In what Heather has likened to therapy, a “SWOT” analysis systematically examines our relative strengths, weaknesses, opportunities, and threats. Ready?
As we discussed earlier, you’re not the only wonder in web town! (I know: Surprise!) So to refine and improve upon your content, and one-up your competition, you first need to truly know thyself, and second, you need a fearless reality-check on where you stand relative to your competitors.
This is where SWOT analysis comes in:
- Strengths: Even if your business is in its infancy, it still possesses certain strengths from the get-go. For instance, can you sell your products at 10-percent less than your competitors? Do you offer unique, fun products not found anywhere else? Besides your intrinsic strengths, consider your external advantages: Do you have a great supplier who ships products fast and works with you on payment terms? That is definitely a plus in the strengths column! Try to come up with ten strengths your company has. If you’re stuck, ask for the opinion of a trusted colleague, friend, or even a client: you may be surprised by how wonderful other people think you are!
- Weaknesses: Just as your business has inherent strengths to bring to the table, the reality is that it — like all businesses — has weak spots. There is at least one internal vulnerability that you need to acknowledge and eventually overcome in your marketing materials (more on that in a later post). For instance: Are you a brand-new company competing against an established one? Are your prices slightly higher because you can’t buy in volume like the big boys? Again, list your top ten weaknesses.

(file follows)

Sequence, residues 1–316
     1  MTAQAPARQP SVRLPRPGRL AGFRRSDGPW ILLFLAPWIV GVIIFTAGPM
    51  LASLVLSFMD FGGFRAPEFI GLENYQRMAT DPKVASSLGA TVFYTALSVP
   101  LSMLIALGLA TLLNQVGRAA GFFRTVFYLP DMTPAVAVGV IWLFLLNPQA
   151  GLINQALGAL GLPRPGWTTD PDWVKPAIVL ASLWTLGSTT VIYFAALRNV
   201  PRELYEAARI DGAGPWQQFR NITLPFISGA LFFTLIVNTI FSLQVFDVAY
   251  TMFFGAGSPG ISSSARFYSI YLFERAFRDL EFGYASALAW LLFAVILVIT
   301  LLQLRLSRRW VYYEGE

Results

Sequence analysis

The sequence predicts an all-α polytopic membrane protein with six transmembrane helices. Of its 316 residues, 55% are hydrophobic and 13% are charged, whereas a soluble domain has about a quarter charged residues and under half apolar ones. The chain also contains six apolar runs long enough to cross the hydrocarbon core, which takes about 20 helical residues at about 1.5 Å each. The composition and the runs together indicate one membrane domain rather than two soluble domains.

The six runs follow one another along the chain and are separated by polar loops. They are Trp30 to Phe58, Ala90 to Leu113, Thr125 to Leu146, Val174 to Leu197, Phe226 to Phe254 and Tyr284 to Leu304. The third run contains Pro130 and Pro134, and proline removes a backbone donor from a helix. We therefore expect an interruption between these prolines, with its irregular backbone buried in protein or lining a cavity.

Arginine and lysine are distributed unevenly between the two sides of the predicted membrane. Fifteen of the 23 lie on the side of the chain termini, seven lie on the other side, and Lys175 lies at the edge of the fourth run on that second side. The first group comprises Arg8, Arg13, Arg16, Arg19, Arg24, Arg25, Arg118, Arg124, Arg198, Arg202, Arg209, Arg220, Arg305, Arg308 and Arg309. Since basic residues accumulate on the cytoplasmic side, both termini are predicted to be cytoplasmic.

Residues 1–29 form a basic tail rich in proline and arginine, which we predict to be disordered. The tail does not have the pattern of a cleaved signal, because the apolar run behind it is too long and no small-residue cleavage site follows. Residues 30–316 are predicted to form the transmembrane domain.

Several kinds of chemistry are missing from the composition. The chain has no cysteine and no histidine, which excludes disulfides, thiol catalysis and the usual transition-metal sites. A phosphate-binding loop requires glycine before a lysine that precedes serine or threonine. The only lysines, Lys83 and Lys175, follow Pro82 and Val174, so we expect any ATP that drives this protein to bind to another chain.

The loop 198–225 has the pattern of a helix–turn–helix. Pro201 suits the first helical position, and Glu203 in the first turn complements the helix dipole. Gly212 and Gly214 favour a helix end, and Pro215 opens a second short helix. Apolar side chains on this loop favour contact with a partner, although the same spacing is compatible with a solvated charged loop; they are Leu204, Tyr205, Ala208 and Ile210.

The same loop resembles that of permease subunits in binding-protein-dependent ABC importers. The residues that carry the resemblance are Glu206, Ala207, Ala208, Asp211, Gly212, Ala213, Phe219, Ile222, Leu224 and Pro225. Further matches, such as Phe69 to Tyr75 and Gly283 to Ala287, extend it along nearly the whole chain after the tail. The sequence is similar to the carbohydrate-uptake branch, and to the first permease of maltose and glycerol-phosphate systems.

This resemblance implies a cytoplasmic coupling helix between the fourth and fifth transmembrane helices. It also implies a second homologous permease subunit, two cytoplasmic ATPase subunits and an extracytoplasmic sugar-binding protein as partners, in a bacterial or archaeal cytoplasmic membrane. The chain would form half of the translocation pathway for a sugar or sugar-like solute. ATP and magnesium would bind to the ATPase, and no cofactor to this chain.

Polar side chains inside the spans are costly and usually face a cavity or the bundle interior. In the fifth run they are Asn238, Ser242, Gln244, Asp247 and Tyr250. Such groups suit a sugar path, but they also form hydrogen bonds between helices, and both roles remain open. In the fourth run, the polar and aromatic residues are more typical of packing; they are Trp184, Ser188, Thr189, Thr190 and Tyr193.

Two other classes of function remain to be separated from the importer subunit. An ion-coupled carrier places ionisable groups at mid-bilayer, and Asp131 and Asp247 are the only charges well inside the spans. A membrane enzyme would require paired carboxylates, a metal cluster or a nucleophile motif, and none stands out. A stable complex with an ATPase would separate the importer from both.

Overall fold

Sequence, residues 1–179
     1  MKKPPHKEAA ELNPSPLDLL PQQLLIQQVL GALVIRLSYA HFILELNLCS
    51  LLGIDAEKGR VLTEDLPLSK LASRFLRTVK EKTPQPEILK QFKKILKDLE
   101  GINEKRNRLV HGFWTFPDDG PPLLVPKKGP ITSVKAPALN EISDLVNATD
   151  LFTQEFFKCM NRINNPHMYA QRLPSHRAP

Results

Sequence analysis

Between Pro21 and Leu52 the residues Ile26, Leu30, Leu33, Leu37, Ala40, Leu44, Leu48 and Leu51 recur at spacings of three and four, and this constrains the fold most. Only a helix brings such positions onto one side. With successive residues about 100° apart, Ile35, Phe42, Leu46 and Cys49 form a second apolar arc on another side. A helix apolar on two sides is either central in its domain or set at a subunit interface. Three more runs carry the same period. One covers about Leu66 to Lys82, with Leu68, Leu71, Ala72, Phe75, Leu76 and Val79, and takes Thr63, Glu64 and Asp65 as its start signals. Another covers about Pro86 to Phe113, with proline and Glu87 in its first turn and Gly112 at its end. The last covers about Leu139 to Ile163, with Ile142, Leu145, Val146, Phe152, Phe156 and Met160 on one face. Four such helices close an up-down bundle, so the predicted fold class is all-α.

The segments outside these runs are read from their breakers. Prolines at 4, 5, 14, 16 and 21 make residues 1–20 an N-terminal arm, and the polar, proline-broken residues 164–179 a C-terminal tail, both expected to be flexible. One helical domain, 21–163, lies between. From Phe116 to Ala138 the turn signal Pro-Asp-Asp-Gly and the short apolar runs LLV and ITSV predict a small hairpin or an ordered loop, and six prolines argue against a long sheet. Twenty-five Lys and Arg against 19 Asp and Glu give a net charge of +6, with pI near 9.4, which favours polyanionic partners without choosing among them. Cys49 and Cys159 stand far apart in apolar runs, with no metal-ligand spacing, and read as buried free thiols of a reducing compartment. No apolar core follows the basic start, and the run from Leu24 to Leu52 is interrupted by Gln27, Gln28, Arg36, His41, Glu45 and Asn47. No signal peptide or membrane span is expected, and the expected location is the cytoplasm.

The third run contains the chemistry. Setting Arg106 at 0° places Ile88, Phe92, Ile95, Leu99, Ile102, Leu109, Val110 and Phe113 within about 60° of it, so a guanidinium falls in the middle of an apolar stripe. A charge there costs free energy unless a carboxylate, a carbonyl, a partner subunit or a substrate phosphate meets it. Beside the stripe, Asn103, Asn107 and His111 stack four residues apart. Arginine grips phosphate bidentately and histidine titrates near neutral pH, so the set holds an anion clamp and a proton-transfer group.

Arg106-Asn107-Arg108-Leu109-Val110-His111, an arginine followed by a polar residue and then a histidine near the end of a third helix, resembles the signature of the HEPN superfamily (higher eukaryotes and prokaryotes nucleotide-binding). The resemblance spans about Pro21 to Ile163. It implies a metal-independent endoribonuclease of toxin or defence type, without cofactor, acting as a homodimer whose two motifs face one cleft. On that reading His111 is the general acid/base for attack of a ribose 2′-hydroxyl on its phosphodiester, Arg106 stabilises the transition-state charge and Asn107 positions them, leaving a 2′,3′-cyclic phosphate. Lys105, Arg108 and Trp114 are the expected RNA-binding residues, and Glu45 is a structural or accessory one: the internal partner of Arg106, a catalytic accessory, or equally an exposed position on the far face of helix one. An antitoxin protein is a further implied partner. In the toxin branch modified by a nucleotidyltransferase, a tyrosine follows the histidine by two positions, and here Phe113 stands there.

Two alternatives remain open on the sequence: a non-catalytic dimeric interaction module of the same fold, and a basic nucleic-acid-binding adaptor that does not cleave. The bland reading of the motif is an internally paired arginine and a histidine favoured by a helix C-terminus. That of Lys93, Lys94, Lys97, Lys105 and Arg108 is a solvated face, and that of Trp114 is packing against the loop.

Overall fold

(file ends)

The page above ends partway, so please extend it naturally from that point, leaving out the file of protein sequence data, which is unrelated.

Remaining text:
- Opportunities: Time to take heart! These insights and visions — opportunities — are what motivated you to start up your business in the first place, right? Did you see the beginning of an emerging trend, and notice that there are very few sites offering what you want to sell? Do you have scads of contacts from your last job that you could leverage as your own, first few clients? From an SEO standpoint, opportunity can mean that you can optimize for terms and concepts well ahead of — or better than — your competitors. Revisit your strengths: what opportunities present themselves from them? Write down five opportunities that your business has, right now.
- Threats: Real or perceived, threats do exist and it is wise to acknowledge the worst-case scenario and make a plan to work around it. It could be an ex-employee who starts up a competing business. It could be that your supplier doubles their price of an essential product or service. This does not mean your competition will take over your market share and drive you out of business. But it does mean that you should be aware of such threats, and make a solid plan for surviving them! Again, list your top five perceived threats.
Whew! Great job! Now that you’ve done your SWOT analysis, try putting everything you’ve listed — strengths, weaknesses, opportunities, threats — into a matrix, like so:
Now, don’t you feel better, knowing where you stand and where you need to focus your efforts? Next week, we’ll delve deep into how to profile your perfect customer and thereby craft precision benefits statements! Stay tuned!